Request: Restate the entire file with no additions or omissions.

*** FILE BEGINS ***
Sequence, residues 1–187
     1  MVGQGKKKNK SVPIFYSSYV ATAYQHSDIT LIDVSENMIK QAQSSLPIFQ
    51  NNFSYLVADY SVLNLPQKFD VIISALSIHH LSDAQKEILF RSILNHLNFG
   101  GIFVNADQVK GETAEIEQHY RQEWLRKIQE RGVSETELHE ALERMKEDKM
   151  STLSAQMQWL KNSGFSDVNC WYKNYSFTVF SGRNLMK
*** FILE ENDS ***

Sequence, residues 1–187
     1  MVGQGKKKNK SVPIFYSSYV ATAYQHSDIT LIDVSENMIK QAQSSLPIFQ
    51  NNFSYLVADY SVLNLPQKFD VIISALSIHH LSDAQKEILF RSILNHLNFG
   101  GIFVNADQVK GETAEIEQHY RQEWLRKIQE RGVSETELHE ALERMKEDKM
   151  STLSAQMQWL KNSGFSDVNC WYKNYSFTVF SGRNLMK